• ATLANTA (AP) - A white 16-year-old girl is accused of plotting to attack a mostly black church in a north Georgia city, where police say she planned to kill worshippers because of their race. Bethel African Methodist Episcopal Church has a predominantly black congregation, Gainesville Police Chief Jay Parrish said in a Tuesday statement. 'Our investigation indicated the church was targeted by the juvenile based on the racial demographic of the church members,' he said. Students, school administrators and law officers worked together to thwart a 'potentially horrific incident,' he added. The plot came to light when Gainesville High School students told administrators the 16-year-old had a notebook with detailed plans to kill worshippers at the church, Parrish said. 'It just grieves my spirit on a number of different levels, one that the intentions of this young person were so calculated to do great harm against people who just simply had no knowledge of such a plot,' said The Rev. Rose Johnson Mackey, director of the Newtown Florist Club, a civil rights organization founded in Gainesville 70 years ago. The girl is charged with criminal attempt to commit murder, the police chief said. She's being held in a youth detention center in Gainesville. Specific details of the alleged plot haven't been released, but Parrish said it came to light Friday when school administrators contacted police. 'We're just very pleased that our police department acted so swiftly, and the police department in conjunction with our school administrators were just on top of the situation,' Johnson said. Gainesville is about 50 miles (80 kilometers) northeast of Atlanta. It's a city of just over 40,000 people, about 17% of whom are African-American. The alleged plot comes amid a long history of black churches being bombed, burned and shot up across the South - hate crimes that continue today. White supremacist Dylann Roof fatally shot nine black church members during their Bible study lesson at Emanuel AME Church in Charleston, South Carolina, during the summer of 2015. Roof later told FBI agents he had hoped the killings would perhaps start a race war. More recently, the white son of a sheriff's deputy was arrested in April and accused of a setting fires that destroyed three black churches in rural Louisiana. Holden Matthews is awaiting trial on arson and hate crimes charges in the Louisiana church burnings. In the Georgia case, police did not release the girl's name Tuesday.
  • California defensive back Ashtyn Davis, Georgia kicker Rodrigo Blankenship and Michigan State defensive end Kenny Willekes are finalists for the Burlsworth Trophy, which honors the top college football player who began his career as a walk-on. Davis is one of the top safeties in the country, ranking third on Cal in tackles with 49. Blankenship is 19 for 22 on field goals this season and has scored 92 points for Georgia. Willekes has 10 tackles for loss, including 6 sacks for Michigan State. The trophy is named for former Arkansas offensive lineman Brandon Burlsworth, who went from walk-on to All-American. Burlsworth was drafted by the Indianapolis Colts in the third round in 1999 but was killed in a car accident less than a month later. ___ More AP college football: https://apnews.com/Collegefootball and http://www.twitter.com/AP_Top25
  • ATLANTA (AP) _ The winning numbers in Tuesday afternoon's drawing of the Georgia Lottery's 'Cash 4 Midday' game were: 4-5-8-4 (four, five, eight, four)
  • ATLANTA (AP) _ The winning numbers in Tuesday afternoon's drawing of the Georgia Lottery's 'Georgia FIVE Midday' game were: 6-4-1-0-1 (six, four, one, zero, one)
  • ATLANTA (AP) _ The winning numbers in Tuesday afternoon's drawing of the Georgia Lottery's 'Cash 3 Midday' game were: 1-1-5 (one, one, five)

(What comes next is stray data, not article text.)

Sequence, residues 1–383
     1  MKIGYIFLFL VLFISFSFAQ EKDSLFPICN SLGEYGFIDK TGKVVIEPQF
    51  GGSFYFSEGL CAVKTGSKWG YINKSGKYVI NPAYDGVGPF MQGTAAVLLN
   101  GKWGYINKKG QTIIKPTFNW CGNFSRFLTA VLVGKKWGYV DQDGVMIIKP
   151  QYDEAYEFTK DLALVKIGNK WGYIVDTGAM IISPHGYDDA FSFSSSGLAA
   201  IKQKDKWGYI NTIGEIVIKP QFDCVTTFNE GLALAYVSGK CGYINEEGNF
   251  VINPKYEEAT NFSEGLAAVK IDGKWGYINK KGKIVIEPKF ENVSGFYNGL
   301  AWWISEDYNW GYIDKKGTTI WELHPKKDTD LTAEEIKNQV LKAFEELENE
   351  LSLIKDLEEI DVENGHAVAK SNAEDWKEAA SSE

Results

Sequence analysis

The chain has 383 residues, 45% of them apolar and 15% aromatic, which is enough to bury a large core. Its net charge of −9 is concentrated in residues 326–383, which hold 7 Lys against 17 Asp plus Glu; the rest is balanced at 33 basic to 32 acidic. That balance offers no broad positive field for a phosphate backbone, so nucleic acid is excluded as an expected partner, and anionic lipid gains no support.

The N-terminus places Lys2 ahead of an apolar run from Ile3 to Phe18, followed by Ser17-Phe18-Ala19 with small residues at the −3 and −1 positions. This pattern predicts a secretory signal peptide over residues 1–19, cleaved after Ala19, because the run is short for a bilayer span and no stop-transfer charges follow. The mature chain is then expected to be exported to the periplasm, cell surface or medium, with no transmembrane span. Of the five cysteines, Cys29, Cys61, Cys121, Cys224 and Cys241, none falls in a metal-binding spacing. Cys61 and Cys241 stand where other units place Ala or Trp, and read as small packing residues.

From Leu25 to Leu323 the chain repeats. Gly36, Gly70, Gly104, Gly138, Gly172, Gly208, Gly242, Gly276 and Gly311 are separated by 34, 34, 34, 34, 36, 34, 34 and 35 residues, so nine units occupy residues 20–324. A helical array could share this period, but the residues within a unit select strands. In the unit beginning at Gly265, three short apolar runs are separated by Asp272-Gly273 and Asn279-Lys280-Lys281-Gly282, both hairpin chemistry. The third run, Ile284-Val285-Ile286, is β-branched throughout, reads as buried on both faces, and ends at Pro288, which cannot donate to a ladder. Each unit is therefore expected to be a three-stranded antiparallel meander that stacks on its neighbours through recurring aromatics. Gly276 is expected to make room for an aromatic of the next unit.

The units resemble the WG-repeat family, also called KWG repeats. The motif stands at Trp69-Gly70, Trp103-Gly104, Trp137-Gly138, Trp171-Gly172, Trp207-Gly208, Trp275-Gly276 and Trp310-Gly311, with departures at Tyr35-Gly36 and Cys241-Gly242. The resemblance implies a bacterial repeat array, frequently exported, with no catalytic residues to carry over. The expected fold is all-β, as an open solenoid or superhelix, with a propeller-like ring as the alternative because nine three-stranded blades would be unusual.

• NEW YORK (AP) - Amid their annual vigils for transgender homicide victims, trans rights activists in the U.S. are trying to maintain long-term optimism even as many hard-won protections are under threat. Just a few weeks ago, President Donald Trump's administration argued before the Supreme Court that employers should be allowed to fire workers because they are transgender. The administration also has moved to revoke health care discrimination protections for trans people, rescind trans-friendly guidelines for students' access to school bathrooms, and sharply restrict trans people's ability to serve in the military. 'These government actions send a dangerous message to transgender and non-transgender people alike that trans people should exist outside the law and be subjected to subhuman treatment,' said Chase Strangio, a trans rights attorney with the American Civil Liberties Union. He is on the legal team representing Aimee Stephens, a transgender woman fired by a Michigan funeral home, in the pending Supreme Court case. Strangio and other activists contend that political efforts to roll back transgender rights contribute, at least indirectly, to the persistent phenomenon of anti-trans vitriol and violence. They note that in the FBI's latest hate crimes report, issued last week, the number of trans people who were targeted rose from 119 in 2017 to 160 in 2018 - a 34% increase. Advocacy groups say 22 transgender or gender-nonconforming people have been victims of fatal violence so far this year; they will be honored in Wednesday's annual Transgender Day of Remembrance events. The year-to-date death toll of 22 is close to the annual average for recent years, according to the Human Rights Campaign, a national LGBTQ rights organization that on Monday released a report tallying 157 violent deaths of transgender people in the U.S. since 2013, about 80% of them trans women of color. 'Some of these murders are explicitly motivated by hate, but all of them exist in context of systemic barriers that are influenced by hate,' said Sarah McBride, a trans activist who is the Human Rights Campaign's national press secretary. 'The discrimination that trans people face pushes them out of a stable life and into circumstances where they're more likely to face violence.' During Barack Obama's presidency, the cause of transgender rights advanced on numerous fronts, notably with policy changes enabling trans people to serve openly in the military. Trump, via a tweet in 2017, vowed to reverse that policy and ban trans people from military service altogether. To a large extent, the ban remains in place, despite lawsuits challenging it, said Shannon Minter, who waged some of that litigation as legal director of the National Center for Lesbian Rights. 'Being transgender is now a bar to enlistment and a ground for discharge for those already serving,' said Minter, a transgender man. 'The only trans people permitted to serve openly are those who came out under the prior open service policy.' The administration and various conservative advocacy groups 'are attempting to demonize transgender people for short-term political gain,' Minter said, but he believes the tactic eventually will backfire. 'The more politicians and organizations attack transgender people ... the more they are ultimately helping to raise the visibility of these important issues and giving trans people an opportunity to show the public who they really are,' Minter said. Unquestionably, issues of gender identity can provoke visceral public debate. In Connecticut, for example, three girls who competed in high school track filed a federal discrimination complaint in June saying the state's inclusive policy on transgender athletes has cost them top finishes and possibly college scholarships. 'We all know the outcome of the race before it even starts; it's demoralizing,' said Selina Soule, of Glastonbury High School, after losing a 55-meter dash to a transgender girl. In Texas, top Republican politicians became engaged in a battle between divorced parents over their 7-year-old child's gender identity. The mother says the child, identified as a boy at birth, now identifies as a girl and prefers to be called a female name. The father says the child acts like a boy around him and launched a website in which he pleads for help to 'save' his child. At one point, Attorney General Ken Paxton asked that the mother be investigated for possible child abuse. The Federalist, a conservative online magazine, ran a column by gay conservative Chad Felix Greene calling on Republican-controlled legislatures to outlaw gender transition medical procedures for minors. Some trans rights activists view the controversies over sports participation and parental decisions as evidence that trans people have become a target of choice for social conservatives who failed to stop the legalization of same-sex marriage. 'We have to be wary any time an entire segment of a population is being used as a political wedge to divide people,' said activist Gillian Branstetter. 'It's done by a desperate group of folks upset they lost the marriage equality fight and looking for a new fundraising tool.' Branstetter spoke with The Associated Press on Friday, her last day as a spokeswoman for the National Center for Transgender Equality. Its staff shrank from more than 20 to less than 10 amid recent disputes over its leadership, staff diversity and a unionization drive. For all the setbacks, trans rights activists have had recent occasions to celebrate, ranging from the critical acclaim for 'Pose,' a TV series featuring several trans characters, to the Nov. 5 reelection of trans legislator Danica Roem to Virginia's House of Delegates. Andy Marra, executive director of the Transgender Defense and Legal Education Fund, said there are now 23 openly trans elected officials nationwide. She noted that Georgia's state university system recently agreed to end a policy barring its transgender employees from coverage for trans-related health care. In Congress, the Democratic-controlled House of Representatives passed a bill that would extend a wide range of nondiscrimination protections to trans people. It is given virtually no chance of enactment while Republicans control the Senate. 'The legislative, judicial and executive possibilities are constrained at the federal level for the immediate future,' said the ACLU's Strangio. 'But as always, our communities have shown tremendous resilience and the ability to create magic and beauty out of so little.' About 1.4 million Americans identify as transgender, according to the Williams Institute, a think tank at the UCLA School of Law specializing in LGBT issues.